Albany Humane Society  – Albany Humane Society and Sally Wetherbee Adoption Center take care of so many animals and work hard to find them forever homes. Their workers and volunteers are so passionate about the furbabies there that a few of them rode out Hurricane Michael at the shelter so the animals wouldn’t be alone. You can go to the site, click “donate” and choose whether you want to specifically give to operating expenses, pets requiring vet care, spay and neuter assistance, TNR (trap, neuter, return), or building repair/remodel. You can also donate on Facebook.

Chehaw Park – “While our main priority is to ensure that all of our animals are taken care of at the highest possible standards, the financial burden is immense without a steady stream of revenue from budgeted attendance and events. For example, the cost of direct care for some of Chehaw’s animals for only ONE DAY is probably higher than most realize: Two Rhinos (Sam and Dubya): $100/day or $36,500/year, Four Cheetahs (Ellie, Rhaegal, Viserion, Drogon) $80/day or $29,200/year, Two Camels (Bogart and Audrey): $45/day or $16,425/year, Lemur Troop: $70/day or $25,550/year. This cost includes things like various forms of coastal hay, peanut hay, alfalfa cubes, fresh produce, specialized grains and meat, necessary supplements, training rewards, additional heat or A/C, and zookeeper care. This does not include things like additional veterinary care, medications, vehicle maintenance, gas, etc. Caring for over 240 animals in the Zoo EVERY DAY can quickly become overwhelming. Please consider helping with the immediate animal care needs while we work to rebuild the Park and Zoo that we all know and love. #chehawstrong”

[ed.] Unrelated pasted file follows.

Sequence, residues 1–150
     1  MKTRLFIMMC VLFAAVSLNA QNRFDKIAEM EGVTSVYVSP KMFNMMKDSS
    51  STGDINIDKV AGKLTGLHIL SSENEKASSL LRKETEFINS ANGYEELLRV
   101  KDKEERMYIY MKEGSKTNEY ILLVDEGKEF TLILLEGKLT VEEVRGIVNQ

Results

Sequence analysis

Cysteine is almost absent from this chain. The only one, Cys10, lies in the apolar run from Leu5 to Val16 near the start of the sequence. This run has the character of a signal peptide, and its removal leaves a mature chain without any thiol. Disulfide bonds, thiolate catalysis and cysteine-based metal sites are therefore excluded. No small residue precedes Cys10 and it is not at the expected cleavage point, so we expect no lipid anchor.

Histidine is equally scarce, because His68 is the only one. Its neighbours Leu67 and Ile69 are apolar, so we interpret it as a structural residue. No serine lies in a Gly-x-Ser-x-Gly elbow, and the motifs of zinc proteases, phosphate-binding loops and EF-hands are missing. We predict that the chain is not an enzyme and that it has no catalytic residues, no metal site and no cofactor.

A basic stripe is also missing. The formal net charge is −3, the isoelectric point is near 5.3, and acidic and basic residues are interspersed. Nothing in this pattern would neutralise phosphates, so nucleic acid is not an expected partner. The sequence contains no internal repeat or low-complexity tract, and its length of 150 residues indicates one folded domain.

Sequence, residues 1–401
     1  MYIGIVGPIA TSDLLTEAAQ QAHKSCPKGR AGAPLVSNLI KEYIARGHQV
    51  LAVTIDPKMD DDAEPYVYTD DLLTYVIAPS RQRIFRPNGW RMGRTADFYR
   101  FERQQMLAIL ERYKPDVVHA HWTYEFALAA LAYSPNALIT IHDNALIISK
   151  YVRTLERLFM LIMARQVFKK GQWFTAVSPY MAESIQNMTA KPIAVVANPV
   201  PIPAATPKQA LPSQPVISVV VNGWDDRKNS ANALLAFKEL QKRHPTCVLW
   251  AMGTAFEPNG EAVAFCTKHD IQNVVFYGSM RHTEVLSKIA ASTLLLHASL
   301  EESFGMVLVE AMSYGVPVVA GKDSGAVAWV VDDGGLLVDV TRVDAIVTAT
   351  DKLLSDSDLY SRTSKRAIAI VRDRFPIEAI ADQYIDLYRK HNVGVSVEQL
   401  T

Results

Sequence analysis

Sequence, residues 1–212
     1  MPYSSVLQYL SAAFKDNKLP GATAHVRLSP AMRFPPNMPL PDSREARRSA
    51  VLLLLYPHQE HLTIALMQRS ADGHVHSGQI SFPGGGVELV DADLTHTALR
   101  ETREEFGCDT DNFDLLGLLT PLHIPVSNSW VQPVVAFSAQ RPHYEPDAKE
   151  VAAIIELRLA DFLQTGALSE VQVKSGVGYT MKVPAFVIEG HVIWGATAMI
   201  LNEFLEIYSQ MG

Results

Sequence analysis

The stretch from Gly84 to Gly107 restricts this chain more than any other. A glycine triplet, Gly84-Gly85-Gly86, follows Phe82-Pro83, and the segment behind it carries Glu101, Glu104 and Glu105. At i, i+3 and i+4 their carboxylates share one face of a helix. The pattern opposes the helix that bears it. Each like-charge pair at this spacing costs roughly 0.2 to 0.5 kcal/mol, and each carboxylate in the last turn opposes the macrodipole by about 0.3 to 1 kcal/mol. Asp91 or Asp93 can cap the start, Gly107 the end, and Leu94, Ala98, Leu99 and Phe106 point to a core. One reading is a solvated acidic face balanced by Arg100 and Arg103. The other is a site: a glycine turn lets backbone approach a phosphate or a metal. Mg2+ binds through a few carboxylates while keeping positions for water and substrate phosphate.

Liberty House – The Liberty House of Albany serves as a temporary shelter for women and children who are survivors of domestic violence. It services over 17 counties in Southwest Georgia. They work collaboratively with the community to raise awareness, strengthen policies and improve coordination to support survivors and end violence.  I have personally met and worked with many of the women who have lived at the Liberty House and what they do here in Albany is truly remarkable. You can go to the bottom of their website or to their Facebook page to donate.

Happy Generation Children’s Ministry – This is an orphanage in Uganda run by my friend, Loy, and her husband, Abraham. The orphanage is committed to ensuring the well-being of all young orphaned, impoverished, abandoned, and sick children. They are currently renting their building, but their dream is to build a home for these children. You can sponsor a child, feed a child, send a child to school, or donate to the building fund through their website.